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Uncertainty, Stability and Traceability in Global Monitoring of Atmospheric Composition and the Role of WMO/GAW Central Calibration Facilities – Reality and Plans 

H.G.J. Smit1 and WMO-GAW/ET-ACMQ Team2

1Institute for Energy and Climate Research, Troposphere IEK-8, Research Center Juelich, Juelich, Germany; +49 241 534880, E-mail: h.smit@fz-juelich.de
2World Meteorological Organization, Global Atmosphere Watch, Geneva, Switzerland

The Global Atmosphere Watch (GAW) Program of the World Meteorological Organization (WMO) maintains a global network of long-term observing stations in recognition of the need for improved scientific understanding of the increasing influence of human activities on atmospheric composition and subsequent environmental impacts. Most essential thereby is to rely on most accurate scientific observations of the state of the environment. A set of GAW-Central Facilities supports the quality assurance infrastructure to maintain the long-term stability and traceability of those observations. It has been recognized that stringent requirements for the uncertainty, stability, and traceability of the measurement standards is of crucial importance and therefore remain a key objective for GAW in order to meet the data quality objectives to detect and document changes in atmospheric composition and to understand the underlying processes.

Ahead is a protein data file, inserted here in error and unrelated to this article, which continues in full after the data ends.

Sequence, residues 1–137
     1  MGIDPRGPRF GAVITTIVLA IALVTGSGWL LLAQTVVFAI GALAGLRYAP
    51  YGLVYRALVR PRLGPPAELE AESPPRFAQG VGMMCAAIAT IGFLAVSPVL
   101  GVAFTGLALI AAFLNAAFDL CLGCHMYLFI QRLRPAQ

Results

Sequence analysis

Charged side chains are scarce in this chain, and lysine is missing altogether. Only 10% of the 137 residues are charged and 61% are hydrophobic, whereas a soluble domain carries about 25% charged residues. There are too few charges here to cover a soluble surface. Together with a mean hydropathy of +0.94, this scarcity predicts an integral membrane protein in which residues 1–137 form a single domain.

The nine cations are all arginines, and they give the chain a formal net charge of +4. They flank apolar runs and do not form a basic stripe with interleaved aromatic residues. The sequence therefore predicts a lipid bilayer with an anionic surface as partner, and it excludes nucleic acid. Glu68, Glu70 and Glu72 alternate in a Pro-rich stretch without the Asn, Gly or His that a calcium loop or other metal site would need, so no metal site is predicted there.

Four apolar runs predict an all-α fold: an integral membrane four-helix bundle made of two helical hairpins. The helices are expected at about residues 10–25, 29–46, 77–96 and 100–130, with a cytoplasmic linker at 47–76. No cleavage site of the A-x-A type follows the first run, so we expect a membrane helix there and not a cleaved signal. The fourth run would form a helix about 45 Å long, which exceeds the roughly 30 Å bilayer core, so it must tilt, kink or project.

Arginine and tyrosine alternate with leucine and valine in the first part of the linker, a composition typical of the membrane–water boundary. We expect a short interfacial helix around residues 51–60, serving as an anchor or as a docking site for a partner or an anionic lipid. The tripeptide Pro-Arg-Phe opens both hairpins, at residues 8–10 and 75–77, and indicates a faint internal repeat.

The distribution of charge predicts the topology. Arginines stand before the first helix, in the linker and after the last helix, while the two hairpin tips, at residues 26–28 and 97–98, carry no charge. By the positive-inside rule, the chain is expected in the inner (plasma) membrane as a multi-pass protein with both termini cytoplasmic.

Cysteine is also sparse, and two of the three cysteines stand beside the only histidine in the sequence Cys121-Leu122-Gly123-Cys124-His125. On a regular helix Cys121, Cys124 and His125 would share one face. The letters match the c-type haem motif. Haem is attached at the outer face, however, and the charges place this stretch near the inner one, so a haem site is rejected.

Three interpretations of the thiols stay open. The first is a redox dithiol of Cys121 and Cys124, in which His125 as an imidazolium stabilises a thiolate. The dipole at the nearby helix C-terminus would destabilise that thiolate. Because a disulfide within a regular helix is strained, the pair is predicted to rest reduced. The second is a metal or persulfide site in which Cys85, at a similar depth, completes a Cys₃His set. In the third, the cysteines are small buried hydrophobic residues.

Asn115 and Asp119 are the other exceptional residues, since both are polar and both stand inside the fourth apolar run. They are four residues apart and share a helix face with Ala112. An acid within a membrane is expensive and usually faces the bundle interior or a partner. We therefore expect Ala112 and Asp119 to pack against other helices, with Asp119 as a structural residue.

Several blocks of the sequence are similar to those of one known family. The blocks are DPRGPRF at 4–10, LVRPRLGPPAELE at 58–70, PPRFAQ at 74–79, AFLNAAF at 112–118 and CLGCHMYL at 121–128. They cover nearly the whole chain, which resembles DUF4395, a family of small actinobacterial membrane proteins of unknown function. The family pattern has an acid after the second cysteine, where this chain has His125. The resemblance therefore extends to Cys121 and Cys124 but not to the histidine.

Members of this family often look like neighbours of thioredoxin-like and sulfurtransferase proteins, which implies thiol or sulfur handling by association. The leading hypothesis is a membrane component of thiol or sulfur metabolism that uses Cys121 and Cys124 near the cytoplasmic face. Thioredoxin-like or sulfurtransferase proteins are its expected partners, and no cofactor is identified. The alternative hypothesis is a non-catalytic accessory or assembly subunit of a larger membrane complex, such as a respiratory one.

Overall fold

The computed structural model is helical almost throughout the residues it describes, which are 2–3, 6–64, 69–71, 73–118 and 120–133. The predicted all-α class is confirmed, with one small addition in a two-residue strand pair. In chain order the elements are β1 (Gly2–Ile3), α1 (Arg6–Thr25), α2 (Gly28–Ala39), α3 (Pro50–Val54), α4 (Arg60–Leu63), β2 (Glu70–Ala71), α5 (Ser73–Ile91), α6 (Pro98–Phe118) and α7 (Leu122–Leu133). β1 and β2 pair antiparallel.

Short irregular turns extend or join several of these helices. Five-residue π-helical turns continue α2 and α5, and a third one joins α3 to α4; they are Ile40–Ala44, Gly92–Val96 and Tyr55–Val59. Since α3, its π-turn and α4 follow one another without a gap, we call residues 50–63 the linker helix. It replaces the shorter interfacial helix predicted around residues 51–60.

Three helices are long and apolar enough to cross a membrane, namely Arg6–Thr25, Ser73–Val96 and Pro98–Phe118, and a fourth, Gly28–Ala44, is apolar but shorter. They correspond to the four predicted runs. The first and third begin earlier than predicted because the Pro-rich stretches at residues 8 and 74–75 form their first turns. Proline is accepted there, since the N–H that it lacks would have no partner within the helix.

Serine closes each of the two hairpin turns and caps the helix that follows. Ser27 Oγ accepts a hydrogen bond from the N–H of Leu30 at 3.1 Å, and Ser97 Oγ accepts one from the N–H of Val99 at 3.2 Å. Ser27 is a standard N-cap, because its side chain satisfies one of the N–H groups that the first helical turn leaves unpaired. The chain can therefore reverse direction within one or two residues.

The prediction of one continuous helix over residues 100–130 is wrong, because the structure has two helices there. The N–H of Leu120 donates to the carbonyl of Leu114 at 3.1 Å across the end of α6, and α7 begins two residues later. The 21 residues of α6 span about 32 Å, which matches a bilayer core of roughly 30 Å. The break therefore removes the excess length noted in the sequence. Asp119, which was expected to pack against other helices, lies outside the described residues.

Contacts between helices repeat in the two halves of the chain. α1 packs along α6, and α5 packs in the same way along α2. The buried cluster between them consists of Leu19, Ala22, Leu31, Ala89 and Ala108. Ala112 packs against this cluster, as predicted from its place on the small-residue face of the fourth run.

The new GAW Expert Team on Atmospheric Composition Measurement Quality (ET-ACMQ) has started  to evaluate the existing QA-procedures and to facilitate and guide the standardization of the QA-methodologies. We will present an overview of the QA efforts in the GAW observation network and the role of the central calibration facilities. Hereby the focus will be on the accuracy of the observations made in terms of uncertainty, stability and traceability and their reporting for the present state as well future plans for more standardization and harmonization. This will be demonstrated and discussed along a few long term records of GAW observations (e.g. greenhouse gases and ozone) showing that to accurately interpret small long term changes this requires measurement standards with well-characterized uncertainties and well-monitored with maintained stabilities that are reported in a well transparent and traceable way and finally archived as metadata in the data archives.

Figure 1

Figure 1. Traceability within GAW-Quality Assurance System.